What has changed on the autism front in two years? What are the notable advances since the launch in 2018 of the new national autism strategy? This is what presented, Monday, September 28, Sophie Cluzel, Secretary of State for disabled people, and Claire Compagnon, interministerial delegate for this file. A 72-page document in the form of ” waypoint “ mid-term – the national strategy to be deployed until 2022 -, highlights several reasons for satisfaction.
In the scientific field, first of all, the interministerial delegation notes the establishment of better cooperation between researchers with the aim of better sharing and acceleration of research. Five centers of excellence around autism have, for example, been set up, in Nantes, Montpellier and Paris in particular.
→ INFOGRAPHICS. Autism numbers
It is then on daily life and support for families that the stage point focuses, with advances presented as “Significant”. Delays and delays had indeed been identified for years in the detection and diagnosis of developmental disorders. Thanks to the establishment of longer medical consultations and a grid highlighting different criteria and clinical signals, many “Early childhood professionals have now the possibility of spotting unusual developmental gaps in a child ”, we rejoice within the interministerial delegation.
Diagnosed earlier, the children – 8,000 to 9,000 children are born with autism each year – can then be referred to one of the 43 departmental platforms that are gradually opening up across France, bringing together psychologists, psychomotor therapists, occupational therapists, etc. As a result, a course of care and support that is intended to be more fluid.
Delay in schooling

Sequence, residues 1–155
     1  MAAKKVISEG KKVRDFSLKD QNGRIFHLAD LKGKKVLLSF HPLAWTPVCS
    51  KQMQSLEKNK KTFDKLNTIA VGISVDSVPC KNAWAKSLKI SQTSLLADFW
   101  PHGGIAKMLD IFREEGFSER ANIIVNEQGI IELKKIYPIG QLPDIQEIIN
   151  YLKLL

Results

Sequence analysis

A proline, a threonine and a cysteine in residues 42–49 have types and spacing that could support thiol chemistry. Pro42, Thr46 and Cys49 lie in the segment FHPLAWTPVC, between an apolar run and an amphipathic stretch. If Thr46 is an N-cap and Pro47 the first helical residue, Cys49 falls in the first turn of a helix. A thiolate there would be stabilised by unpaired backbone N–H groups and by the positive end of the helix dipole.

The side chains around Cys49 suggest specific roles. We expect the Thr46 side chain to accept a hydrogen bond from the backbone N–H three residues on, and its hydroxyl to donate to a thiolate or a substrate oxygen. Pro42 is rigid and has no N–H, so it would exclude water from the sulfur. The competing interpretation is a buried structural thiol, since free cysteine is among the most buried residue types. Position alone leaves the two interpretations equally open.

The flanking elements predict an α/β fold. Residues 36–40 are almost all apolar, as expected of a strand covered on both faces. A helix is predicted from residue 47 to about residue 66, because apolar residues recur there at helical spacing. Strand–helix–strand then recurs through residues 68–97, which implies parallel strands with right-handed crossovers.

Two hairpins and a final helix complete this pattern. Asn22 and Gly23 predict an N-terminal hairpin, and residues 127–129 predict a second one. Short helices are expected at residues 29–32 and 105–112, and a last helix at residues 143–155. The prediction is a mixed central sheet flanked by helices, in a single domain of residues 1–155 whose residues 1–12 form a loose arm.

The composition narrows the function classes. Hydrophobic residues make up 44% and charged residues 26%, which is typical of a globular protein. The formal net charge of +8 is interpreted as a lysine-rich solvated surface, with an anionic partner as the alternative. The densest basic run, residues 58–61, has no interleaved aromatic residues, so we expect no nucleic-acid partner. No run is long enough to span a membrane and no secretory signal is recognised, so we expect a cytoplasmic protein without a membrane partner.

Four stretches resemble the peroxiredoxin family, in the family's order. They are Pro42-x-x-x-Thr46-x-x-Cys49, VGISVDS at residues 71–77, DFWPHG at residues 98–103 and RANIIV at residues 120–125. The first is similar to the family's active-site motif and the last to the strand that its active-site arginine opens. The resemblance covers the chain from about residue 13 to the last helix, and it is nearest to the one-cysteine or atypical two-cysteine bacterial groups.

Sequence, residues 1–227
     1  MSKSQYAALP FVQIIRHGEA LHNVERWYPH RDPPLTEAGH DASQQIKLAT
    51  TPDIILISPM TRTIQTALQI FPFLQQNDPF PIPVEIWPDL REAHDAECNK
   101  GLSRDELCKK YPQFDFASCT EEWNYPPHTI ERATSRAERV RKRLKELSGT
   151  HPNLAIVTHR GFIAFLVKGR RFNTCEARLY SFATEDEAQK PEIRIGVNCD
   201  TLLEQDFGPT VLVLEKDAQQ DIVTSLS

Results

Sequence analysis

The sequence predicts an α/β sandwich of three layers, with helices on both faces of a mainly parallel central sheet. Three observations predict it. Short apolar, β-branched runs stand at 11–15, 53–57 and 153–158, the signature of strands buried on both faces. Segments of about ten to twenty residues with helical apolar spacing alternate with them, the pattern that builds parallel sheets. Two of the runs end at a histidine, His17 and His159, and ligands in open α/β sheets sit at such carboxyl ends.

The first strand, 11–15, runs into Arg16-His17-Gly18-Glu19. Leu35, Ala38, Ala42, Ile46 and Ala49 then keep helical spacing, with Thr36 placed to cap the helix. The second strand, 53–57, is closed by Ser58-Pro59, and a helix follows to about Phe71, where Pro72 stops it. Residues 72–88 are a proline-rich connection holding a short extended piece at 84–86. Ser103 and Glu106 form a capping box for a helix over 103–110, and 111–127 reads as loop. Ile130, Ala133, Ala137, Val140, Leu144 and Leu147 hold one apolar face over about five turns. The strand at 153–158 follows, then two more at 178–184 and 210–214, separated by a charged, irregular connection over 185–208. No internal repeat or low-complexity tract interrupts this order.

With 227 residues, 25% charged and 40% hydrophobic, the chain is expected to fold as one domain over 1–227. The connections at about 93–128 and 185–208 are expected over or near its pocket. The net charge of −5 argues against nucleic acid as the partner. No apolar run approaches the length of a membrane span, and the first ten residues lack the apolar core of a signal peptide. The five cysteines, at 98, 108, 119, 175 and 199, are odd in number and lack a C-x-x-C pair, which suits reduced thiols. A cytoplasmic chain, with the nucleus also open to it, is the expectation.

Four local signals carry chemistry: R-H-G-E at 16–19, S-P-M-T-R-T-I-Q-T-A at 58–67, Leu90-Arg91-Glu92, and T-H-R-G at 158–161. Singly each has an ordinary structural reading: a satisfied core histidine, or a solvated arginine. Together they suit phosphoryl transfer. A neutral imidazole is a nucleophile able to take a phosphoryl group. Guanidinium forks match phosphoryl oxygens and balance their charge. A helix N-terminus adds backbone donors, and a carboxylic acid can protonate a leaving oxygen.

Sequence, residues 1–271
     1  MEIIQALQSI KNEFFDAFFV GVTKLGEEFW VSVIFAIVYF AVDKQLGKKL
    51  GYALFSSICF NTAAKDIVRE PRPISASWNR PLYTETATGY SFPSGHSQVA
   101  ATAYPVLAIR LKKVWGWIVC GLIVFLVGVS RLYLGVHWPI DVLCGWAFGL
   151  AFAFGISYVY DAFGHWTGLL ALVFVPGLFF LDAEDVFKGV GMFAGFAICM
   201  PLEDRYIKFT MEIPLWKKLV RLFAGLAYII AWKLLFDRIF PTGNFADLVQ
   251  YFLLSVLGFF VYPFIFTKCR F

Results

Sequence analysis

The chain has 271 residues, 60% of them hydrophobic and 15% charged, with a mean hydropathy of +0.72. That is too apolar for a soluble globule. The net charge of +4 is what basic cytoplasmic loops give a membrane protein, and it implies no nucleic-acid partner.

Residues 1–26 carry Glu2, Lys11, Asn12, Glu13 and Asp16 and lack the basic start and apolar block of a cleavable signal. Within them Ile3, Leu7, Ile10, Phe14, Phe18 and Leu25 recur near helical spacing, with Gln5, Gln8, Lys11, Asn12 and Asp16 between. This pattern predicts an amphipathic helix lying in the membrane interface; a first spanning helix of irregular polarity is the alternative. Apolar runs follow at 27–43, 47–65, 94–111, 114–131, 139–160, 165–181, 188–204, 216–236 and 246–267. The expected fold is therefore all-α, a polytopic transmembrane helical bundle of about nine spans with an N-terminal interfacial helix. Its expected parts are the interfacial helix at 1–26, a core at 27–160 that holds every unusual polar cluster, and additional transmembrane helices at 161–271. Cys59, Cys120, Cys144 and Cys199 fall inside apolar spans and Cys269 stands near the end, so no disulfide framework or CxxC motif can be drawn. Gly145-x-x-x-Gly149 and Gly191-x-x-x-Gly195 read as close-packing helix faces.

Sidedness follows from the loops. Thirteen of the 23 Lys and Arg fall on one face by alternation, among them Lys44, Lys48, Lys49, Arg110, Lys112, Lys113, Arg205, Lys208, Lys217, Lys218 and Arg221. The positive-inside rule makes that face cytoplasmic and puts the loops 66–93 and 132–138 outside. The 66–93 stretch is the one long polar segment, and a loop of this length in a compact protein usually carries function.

Another big black point often denounced: education. At elementary school age, only 40% of autistic children attend “ordinary” education in France. Here again, the interministerial delegation highlights good results. “Between the 2017 school year and the start of the 2019 school year, the enrollment of autistic children, in primary and secondary education, has increased by 18%”, she specifies. At the start of the 2019 school year, more than 39,000 autistic children were thus progressing in a traditional school establishment.
However, these announcements annoy Danièle Langloys, president of Autism France a little. In the report, she sees mostly “Self-satisfaction” and of “The comm”. For her, the advances presented are real, of course, but partial and the room for improvement is gigantic: “39,000 children in mainstream education, that is. But there are currently 100,000 autistic children under the age of 18, she begins. 43 departmental support platforms? There are around a hundred departments, in France, the territorial network should be tightened. “
Same regret for the “employment” component. Of course, inclusion is progressing, thanks to better support for young adults. “But this integration into employment only concerns the most autonomous autistic people. What about those with the most severe disorders?, she asks. Many people are left by the wayside. “
Sophie Cluzel and Claire Compagnon, the interministerial delegate, recognize this: “Two years is not enough to measure the success of a strategy. And many challenges persist, such as the isolation of adults and the lack of inclusive housing. “
Danièle Langloys, she also points out the enormous needs in training and information, among professionals and the general public. “While there have been, for 15 years, three different autism plans, we still say too many wrong things about autism”, she laments.